Noah Webster did not like the King James Bible. To use the words of Jill Lepore in her recent New Yorker blog post, Webster thought that the Bible used by most colonial Americans was “ungrammatical, obsolete, and filthy.” As a result, he set out to edit his own Bible. Lepore tells the story. Here is a taste:
Webster’s “Holy Bible … with Amendments of the Language” appeared in 1833. In it, Job no longer eschews evil; he shuns it. “Shun seems to be a more correct word,” the grammarian explained. Also, no one is borne unto Job but is instead borne to him: “The first syllable un adds nothing to the signification or force of to, but by increasing the number of unimportant syllables, rather impairs the strength of the whole clause or sentenced in which it occurs.” Do to other prepositions as you would do to unto. Wherein, therein, whereon, thereon: “inelegant.” Eschew them. Then, too, think of the savings: by slaying the un in every unto, Webster spared the reader thirty-four pages of close-set type. Except that, in Webster’s, thou shalt not slay. Nor slew. Thou shalt kill. You can spit in Webster but you can’t spew; you can only vomit. And, while we’re at it, you can’t plague anyone, although I believe it’s possible to afflict them, if you really muck up their holy books.
There is a great deal of sucking in King James. (It was often said, in the seventeenth century, that the good book itself “gave suck.” “Milk for Babes, Drawn out of the Breasts of both Testaments” was the title of a popular catechism.) Not in Webster’s. Job was “nursed.” Other infants are “nourished.” Men have no stones in Webster, and women no teats. Maybe that’s part of why there is no fornication; there is only lewdness, and not much of that, either, because no one has legs, for the sons of Adam and the daughters of Eve have naught but limbs. In Isaiah 36:12, a favorite passage of schoolboys, there are men who “eate their owne dongue and drinke their owne pisse”; Webster has them “devour their vilest excretions.” (If there had been snot in the scriptures, Webster would have made it mucous.) When Lazarus has been dead for four days, in the King James (John 11:39), “he stinketh.” In Webster, “his body is offensive.” Webster explained this kind of thing this way: “Language which cannot be uttered in company without a violation of decorum or the rules of good breeding exposes the scriptures to the scoffs of unbelievers, impairs their authority, and multiplies or confirms the enemies of our holy religion.” He had very little faith in his fellow men.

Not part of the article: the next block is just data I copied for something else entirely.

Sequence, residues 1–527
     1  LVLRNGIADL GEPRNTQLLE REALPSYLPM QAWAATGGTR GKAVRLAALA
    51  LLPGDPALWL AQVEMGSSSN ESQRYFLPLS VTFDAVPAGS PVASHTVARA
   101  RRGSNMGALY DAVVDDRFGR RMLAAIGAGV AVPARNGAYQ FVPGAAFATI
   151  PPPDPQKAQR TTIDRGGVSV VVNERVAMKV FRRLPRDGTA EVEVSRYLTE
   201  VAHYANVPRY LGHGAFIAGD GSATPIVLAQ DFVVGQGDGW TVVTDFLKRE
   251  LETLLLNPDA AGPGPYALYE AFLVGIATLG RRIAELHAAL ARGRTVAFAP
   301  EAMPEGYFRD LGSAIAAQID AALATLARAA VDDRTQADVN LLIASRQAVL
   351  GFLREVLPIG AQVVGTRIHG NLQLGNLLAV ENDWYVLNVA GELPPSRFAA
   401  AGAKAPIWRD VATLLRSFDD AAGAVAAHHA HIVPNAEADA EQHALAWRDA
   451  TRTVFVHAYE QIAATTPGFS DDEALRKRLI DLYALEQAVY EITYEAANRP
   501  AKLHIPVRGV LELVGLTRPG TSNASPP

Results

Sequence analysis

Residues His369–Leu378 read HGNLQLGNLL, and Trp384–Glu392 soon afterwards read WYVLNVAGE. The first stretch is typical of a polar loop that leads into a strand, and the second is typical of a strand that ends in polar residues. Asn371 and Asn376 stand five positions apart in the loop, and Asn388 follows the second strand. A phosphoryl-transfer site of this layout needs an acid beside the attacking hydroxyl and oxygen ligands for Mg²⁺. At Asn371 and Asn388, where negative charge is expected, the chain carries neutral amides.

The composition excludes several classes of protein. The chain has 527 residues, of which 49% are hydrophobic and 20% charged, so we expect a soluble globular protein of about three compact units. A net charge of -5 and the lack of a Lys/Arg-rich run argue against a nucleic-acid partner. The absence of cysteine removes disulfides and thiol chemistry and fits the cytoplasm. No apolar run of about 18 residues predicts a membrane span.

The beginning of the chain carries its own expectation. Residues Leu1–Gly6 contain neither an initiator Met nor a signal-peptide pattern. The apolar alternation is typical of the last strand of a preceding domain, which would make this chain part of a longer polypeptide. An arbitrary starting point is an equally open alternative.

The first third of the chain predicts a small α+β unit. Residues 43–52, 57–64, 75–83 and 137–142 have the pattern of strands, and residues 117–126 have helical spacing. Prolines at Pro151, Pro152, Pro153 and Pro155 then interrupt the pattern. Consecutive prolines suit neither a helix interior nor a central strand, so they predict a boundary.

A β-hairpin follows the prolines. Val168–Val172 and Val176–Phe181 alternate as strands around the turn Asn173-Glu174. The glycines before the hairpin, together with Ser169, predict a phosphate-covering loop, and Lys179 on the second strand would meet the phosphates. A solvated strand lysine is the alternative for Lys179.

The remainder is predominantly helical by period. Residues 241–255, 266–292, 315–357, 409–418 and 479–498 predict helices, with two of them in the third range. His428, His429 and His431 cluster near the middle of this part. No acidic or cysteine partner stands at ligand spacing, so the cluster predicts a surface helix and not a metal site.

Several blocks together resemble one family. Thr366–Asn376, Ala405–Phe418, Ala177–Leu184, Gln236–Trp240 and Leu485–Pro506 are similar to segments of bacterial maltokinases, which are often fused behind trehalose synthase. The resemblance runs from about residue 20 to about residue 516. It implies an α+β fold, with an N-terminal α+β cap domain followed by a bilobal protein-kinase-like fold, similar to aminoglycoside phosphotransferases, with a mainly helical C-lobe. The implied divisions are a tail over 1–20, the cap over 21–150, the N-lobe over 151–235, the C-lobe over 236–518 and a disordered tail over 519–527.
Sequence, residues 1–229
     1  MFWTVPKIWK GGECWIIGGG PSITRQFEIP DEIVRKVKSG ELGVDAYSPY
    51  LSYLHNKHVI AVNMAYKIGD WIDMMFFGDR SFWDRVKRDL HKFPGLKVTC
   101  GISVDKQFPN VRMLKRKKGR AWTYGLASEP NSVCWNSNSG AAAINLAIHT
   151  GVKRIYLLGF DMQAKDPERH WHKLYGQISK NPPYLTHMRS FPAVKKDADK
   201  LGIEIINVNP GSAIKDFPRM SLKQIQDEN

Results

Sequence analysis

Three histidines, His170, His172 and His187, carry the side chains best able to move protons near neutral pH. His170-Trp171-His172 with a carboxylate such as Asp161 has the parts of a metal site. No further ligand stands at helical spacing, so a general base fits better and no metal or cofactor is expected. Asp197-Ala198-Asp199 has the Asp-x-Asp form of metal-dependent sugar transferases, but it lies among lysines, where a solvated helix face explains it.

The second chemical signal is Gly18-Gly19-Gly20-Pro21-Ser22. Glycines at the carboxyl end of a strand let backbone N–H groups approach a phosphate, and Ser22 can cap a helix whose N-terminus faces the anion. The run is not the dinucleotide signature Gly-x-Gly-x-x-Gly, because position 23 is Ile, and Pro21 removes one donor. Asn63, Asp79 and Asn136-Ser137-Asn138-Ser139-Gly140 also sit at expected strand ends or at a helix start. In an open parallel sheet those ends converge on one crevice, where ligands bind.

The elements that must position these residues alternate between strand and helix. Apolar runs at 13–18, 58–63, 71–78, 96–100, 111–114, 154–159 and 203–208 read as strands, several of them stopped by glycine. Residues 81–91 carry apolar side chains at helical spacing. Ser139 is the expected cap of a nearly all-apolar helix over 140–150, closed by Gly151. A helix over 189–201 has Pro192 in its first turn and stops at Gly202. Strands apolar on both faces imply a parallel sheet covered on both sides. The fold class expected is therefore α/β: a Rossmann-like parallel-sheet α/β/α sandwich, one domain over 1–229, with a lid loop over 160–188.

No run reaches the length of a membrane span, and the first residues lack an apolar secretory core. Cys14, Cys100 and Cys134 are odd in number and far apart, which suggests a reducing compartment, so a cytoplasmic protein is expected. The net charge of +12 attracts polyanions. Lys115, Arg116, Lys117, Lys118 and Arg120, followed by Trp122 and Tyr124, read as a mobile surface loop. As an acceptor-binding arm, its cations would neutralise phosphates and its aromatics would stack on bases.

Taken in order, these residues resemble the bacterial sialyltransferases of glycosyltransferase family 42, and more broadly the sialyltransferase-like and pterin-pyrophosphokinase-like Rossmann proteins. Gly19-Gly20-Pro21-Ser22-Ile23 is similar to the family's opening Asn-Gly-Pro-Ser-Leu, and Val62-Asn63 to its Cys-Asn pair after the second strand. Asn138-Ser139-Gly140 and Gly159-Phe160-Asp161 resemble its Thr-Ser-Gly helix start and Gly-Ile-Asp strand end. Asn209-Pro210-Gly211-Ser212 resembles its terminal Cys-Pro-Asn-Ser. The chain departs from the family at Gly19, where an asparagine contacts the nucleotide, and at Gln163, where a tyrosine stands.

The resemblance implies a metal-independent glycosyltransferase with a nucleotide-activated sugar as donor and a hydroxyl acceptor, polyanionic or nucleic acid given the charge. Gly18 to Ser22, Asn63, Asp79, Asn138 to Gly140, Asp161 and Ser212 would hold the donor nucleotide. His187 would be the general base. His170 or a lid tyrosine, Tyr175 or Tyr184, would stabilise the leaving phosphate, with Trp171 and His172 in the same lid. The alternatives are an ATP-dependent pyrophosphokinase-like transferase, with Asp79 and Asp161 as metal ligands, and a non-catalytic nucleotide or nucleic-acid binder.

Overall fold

The King James is four centuries old this year, an occasion for tributes and conferences and exhibits. No one remembers Webster’s. The King James has made many a reader swoon; Webster’s, not a one. Consider the carnal beauty of the twenty-second psalm: “I was cast upon thee from the wombe: thou art my God from my mother’s belly.” Webster, who slew mothers the way knights slew dragons, re-wrote this as: “I was cast upon thee from my birth: thou art my God from the time I was born.” In King James, Job curses the very light “Because it shut up not the doores of my mother’s wombe, nor hid sorrow from mine eyes.” In Webster’s, Job regrets that light prevented not his birth. In the King James, Job asks, “Why did I not give up the ghost when I came out of the bellie?” In Webster’s, there are no bellies. And give up the ghost: that’s pagan. Instead, Webster’s Job asks, “Why did I not expire at the time of my birth?” It’s got the syntax of a question on a form prepared by the Registry of Motor Vehicles.